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Vetlicious Supplement for Dogs - Review


Vetlicious is a complete vitamin and mineral supplement for dogs to make home cooked pet food easy and affordable whilst ensuring your pet is getting a complete, balanced diet.

This product is the brainchild of Dr Steve Denley, a small animal veterinarian with over 20 years experience. Over the years, he noticed that many pets' ailments and overall health improved after switching to a home cooked diet. However, many owners like us get frustrated by the complexity of trying to provide a truly balanced diet - one that contains the correct amount of vitamins and minerals.

We came across this new supplement a few months back but decided to wait for the colder weather to set in as it is more conducive to cooking for our dogs and ourselves!

What is in the Vetlicious supplement?

Just like our own diet, the nutrients that are needed to keep a dog healthy include basic protein, energy, vitamins and minerals. In the long-term if these nutrients go below or above the required levels, this can result in an imbalance and possibly lead to anything from a mild illness to death.

Vetlicious was carefully designed by veterinary nutritionists to be used in conjunction with some specific recipes to meet the (minimum) standards set by AAFCO (Association of American Feed Control Officials).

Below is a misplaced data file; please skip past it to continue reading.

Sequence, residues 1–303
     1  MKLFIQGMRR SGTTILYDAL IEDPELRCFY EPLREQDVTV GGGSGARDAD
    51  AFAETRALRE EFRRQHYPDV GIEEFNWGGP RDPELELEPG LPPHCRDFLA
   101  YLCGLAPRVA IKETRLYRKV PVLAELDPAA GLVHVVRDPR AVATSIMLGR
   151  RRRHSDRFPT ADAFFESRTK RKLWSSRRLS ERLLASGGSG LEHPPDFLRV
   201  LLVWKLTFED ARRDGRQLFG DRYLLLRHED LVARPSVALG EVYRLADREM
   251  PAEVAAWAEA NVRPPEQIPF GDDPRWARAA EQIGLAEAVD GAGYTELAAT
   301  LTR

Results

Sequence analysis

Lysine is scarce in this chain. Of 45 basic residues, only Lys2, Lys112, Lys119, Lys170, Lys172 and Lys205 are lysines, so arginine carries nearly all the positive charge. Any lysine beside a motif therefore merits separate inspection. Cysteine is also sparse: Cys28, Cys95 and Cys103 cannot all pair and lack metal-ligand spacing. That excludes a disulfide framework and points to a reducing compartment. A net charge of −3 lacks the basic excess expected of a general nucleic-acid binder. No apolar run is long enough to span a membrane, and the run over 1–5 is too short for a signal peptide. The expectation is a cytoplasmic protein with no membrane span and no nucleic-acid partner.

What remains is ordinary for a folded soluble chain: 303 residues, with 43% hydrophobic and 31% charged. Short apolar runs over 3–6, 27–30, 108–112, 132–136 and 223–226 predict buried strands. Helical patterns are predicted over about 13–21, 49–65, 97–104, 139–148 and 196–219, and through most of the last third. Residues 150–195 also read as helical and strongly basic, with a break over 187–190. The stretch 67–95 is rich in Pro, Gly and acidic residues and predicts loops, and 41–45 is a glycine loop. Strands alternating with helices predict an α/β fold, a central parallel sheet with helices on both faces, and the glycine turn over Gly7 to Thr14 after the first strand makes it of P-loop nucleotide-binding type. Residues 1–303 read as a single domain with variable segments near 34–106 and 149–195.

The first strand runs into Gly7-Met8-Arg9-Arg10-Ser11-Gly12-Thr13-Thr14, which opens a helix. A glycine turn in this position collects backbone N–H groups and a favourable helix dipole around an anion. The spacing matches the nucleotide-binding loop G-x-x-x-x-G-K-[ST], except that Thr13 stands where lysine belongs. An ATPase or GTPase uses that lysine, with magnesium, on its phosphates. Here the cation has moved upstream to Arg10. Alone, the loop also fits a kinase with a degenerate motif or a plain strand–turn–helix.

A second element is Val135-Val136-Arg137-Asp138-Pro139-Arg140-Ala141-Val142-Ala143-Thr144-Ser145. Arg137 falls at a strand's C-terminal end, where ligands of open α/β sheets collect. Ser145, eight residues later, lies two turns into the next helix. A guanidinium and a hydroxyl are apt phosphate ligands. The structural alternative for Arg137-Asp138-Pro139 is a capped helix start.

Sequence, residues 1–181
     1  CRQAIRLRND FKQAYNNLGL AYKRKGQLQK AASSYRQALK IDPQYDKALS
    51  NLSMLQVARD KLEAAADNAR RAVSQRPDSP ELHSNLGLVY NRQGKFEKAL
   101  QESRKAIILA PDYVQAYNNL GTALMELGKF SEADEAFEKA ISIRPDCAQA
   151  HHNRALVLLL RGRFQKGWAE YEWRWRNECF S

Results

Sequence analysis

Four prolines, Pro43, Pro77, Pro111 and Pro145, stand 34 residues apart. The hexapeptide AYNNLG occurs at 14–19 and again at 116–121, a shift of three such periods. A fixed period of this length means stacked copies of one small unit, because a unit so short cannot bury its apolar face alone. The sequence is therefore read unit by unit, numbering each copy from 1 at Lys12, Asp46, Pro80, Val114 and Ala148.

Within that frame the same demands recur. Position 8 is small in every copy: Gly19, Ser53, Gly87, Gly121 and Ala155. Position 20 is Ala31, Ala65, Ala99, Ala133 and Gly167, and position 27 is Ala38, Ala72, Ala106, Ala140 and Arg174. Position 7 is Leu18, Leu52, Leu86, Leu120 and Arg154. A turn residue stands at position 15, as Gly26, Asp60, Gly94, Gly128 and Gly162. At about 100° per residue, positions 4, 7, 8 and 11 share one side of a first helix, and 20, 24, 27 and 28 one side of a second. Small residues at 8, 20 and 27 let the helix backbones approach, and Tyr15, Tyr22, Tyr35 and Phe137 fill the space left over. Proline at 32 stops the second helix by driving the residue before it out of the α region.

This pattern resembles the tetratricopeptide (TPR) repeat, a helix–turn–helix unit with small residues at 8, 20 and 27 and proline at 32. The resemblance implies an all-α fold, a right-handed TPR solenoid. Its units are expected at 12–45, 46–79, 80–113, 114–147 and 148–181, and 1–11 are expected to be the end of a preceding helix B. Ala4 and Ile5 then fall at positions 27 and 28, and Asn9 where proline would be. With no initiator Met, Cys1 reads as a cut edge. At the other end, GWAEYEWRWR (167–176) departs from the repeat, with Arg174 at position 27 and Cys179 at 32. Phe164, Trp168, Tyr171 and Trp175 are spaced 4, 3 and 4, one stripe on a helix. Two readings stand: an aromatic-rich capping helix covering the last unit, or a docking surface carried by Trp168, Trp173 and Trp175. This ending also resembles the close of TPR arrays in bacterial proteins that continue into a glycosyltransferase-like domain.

It comes as a white powder which has a minimal but pleasant odour  - for better pet acceptance - and is designed to be easily mixed with your dog's home cooked meal just before serving. It contains carefully selected hypoallergenic ingredients with a chick pea protein base, ideal for elimination diets.

What is an Elimination Diet?

An elimination diet is a short-term eating plan that eliminates certain foods that may be causing allergies and other digestive reactions - then reintroduces the foods one at a time in order to determine which are / are not well tolerated. It is primarily used for pets with skin conditions and/or gastrointestinal issues.

Kangaroo and Emu are novel foods that most dogs are unlikely to have eaten before (or in small quantities) so these two recipes are recommended for an elimination diet. 

Strict adherence to the diet for 6-12 weeks is needed for the trial to be valid. This means that all other proteins in the form of treats or even flavoured medication (e.g. beef flavoured heartworm medication) should be avoided during that time. 

How to use your Vetlicious supplement?

1. The first step is to visit www.vetlicious.com and choose your protein (Beef, Chicken, Kangaroo or Emu) recipe. 
2. You will need to enter your dog's weight and body condition, level of carbohydrates and finally decide how many days you'd like to prepare meals for. The Vetlicious calculator will work out how much of each ingredients is needed and also how much supplement to add daily - this varies depending on the recipe. 

Each of the proteins contain varying amounts of nutrients themselves, which of course varies the amount of Vetlicious required to achieve the same overall balance within the diet. e.g. beef (and lamb) is low in sulfur containing amino acids compared with other meats.

Please note:

  • When cooking in bulk, you'll need to freeze your meals separately and ensure each portion is thawed in the refrigerator for 24 hours, before warming at least to room temperature to serve.